Microsoft’s 3D Plans and How They May Affect Everyone Else

A 3D scanning concept from Microsoft

A 3D scanning concept from Microsoft

It seems software giant Microsoft is going deeper into 3D technology, and I’m wondering how this could tilt the 3D printing landscape. 

In their most recent OS, Windows 10, the company has just provided a series of interesting 3D software tools. You can see how some of them work in this video: 

In the video, they show everyday folks using 3D technology in a variety of ways. Someone 3D scans a vegetable using their smartphone, for example. The scanned veggie is then subjected to comedic adaptation by implanting eyes and wings with an easy-to-use 3D modeling system. You’ll even be able to 3D print the models produced in this way. 

This is all fun, but it’s certainly not going to replace 3D scanners and CAD systems such as Creaform’s or Solidworks, as they are far more robust, precise and business-aligned than Microsoft’s new offerings.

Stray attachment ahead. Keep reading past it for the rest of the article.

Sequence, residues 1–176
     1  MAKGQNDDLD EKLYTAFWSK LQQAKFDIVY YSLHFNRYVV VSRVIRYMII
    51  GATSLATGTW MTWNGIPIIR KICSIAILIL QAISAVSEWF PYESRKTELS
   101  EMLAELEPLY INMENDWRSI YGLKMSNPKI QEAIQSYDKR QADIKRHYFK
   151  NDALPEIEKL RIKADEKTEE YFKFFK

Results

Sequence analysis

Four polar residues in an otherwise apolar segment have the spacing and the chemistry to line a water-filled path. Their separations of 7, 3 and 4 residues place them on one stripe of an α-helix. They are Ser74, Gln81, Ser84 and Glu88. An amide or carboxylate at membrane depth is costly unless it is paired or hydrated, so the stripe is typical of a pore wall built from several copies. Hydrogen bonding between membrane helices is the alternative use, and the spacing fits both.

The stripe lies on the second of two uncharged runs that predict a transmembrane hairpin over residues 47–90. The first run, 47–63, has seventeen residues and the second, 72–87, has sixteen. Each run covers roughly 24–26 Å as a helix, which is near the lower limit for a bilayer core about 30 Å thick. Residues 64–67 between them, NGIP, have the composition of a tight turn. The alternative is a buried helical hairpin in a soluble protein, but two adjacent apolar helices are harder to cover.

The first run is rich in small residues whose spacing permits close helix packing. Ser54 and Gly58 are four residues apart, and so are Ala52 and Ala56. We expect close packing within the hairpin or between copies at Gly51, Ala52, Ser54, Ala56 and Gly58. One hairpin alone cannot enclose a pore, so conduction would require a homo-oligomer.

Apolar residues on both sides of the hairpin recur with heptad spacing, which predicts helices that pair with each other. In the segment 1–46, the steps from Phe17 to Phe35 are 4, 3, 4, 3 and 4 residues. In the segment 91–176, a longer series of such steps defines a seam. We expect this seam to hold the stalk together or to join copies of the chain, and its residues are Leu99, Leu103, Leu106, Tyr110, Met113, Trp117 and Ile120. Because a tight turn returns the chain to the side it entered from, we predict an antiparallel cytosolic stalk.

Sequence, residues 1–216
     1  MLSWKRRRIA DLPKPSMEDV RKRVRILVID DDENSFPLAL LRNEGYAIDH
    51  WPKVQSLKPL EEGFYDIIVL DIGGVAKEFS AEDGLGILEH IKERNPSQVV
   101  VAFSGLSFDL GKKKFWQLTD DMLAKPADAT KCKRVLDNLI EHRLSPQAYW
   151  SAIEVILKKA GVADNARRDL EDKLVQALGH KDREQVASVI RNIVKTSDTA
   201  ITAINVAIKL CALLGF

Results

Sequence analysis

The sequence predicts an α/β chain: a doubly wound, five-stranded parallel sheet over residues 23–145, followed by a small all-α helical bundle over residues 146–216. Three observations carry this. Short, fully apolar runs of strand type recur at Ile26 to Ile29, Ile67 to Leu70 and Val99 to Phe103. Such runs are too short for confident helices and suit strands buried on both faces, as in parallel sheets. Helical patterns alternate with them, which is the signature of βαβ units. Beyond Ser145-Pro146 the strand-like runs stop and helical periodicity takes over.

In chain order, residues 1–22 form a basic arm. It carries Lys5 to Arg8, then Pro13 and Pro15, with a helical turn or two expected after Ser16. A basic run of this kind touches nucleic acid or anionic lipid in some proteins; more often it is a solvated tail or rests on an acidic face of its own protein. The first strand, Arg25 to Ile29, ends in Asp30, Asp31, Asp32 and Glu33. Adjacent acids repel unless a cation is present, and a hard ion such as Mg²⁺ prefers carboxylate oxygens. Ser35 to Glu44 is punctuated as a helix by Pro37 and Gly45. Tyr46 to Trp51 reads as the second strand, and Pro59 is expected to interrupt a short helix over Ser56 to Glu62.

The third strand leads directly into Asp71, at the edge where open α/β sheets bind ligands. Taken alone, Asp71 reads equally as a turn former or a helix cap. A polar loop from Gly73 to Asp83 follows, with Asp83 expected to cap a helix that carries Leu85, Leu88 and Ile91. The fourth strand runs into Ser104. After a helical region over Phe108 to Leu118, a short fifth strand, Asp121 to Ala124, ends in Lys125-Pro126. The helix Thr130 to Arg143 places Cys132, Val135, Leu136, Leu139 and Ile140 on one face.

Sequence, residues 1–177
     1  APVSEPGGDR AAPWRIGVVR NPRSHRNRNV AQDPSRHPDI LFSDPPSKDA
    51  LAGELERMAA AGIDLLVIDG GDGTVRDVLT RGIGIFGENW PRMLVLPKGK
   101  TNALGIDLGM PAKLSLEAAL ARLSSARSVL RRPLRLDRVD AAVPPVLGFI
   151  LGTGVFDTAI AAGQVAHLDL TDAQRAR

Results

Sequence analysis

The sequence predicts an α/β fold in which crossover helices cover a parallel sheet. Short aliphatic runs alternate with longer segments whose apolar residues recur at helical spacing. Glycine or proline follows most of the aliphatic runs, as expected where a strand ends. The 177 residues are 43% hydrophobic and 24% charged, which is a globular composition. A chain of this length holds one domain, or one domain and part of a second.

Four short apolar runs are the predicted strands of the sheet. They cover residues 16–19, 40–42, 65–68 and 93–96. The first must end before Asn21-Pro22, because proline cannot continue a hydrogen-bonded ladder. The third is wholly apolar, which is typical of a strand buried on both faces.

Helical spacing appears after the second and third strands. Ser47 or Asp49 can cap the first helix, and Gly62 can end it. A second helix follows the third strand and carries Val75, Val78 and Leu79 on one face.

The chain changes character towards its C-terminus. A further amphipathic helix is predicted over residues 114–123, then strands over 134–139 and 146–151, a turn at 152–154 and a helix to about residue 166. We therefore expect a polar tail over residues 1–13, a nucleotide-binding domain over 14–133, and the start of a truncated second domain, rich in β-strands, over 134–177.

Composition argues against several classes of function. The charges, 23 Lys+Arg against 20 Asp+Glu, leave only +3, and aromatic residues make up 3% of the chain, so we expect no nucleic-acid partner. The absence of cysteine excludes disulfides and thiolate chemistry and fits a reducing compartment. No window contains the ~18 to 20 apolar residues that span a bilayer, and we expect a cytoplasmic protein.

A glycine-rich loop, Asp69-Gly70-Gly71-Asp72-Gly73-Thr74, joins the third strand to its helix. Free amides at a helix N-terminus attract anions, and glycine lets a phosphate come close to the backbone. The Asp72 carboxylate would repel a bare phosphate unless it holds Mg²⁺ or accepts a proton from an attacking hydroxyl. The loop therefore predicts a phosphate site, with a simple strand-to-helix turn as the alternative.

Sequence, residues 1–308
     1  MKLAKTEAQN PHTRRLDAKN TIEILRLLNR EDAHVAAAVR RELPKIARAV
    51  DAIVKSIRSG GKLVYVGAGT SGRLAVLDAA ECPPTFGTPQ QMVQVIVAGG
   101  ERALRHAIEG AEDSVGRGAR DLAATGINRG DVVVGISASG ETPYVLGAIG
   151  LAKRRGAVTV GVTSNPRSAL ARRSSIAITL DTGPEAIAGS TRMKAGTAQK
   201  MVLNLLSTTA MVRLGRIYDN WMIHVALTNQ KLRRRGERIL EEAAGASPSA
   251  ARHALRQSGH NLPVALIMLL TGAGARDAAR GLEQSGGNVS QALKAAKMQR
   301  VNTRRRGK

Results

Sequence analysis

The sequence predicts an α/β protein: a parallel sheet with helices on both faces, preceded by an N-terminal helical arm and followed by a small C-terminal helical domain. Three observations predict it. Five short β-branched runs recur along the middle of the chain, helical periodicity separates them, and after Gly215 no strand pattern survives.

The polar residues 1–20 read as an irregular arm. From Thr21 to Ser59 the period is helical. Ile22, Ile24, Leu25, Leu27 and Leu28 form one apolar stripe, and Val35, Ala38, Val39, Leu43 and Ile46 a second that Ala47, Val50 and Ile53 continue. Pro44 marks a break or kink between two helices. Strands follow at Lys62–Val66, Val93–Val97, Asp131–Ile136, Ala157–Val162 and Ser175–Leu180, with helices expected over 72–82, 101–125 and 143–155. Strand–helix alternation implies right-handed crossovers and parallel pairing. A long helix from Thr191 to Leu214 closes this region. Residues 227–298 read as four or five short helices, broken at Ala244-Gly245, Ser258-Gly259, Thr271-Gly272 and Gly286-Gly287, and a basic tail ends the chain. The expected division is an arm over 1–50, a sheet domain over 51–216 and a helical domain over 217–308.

That said, there are going to be some effects from Microsoft’s increasing forays into 3D technologies. 

The first and most important is that a great deal more people will be directly exposed to 3D technology. In the past, while it was possible for everyone to get involved, it required some explicit actions to get their. By including this stuff with their software, many more people will bump into it. 

Secondly, those using the 3D tools will become accustomed to the idea of 3D. I cannot understate how critical this aspect is, because many people find it challenging to “think” in 3D. It takes a kind of mental leap to “get it”. Obviously most readers of this publication have likely done so, but this is not the case for the general public. Now that may change. 

The result will be many more 3D-enabled people on the streets of the future. 

Finally, there is another effect: trouble of some smaller 3D developers. Those who created systems for providing simple 3D modeling or scanning may suddenly find themselves short customers, because some folks simply found what they needed with Microsoft. 

And yes, it's not a vegetable, it's a fruit. A fig, I believe. 

Via Microsoft

General Fabb

Kerry Stevenson, aka "General Fabb" has been writing Fabbaloo posts since he launched the venture in 2007, with an intention to promote and grow the incredible technology of 3D printing across the world. So far, it seems to be working!

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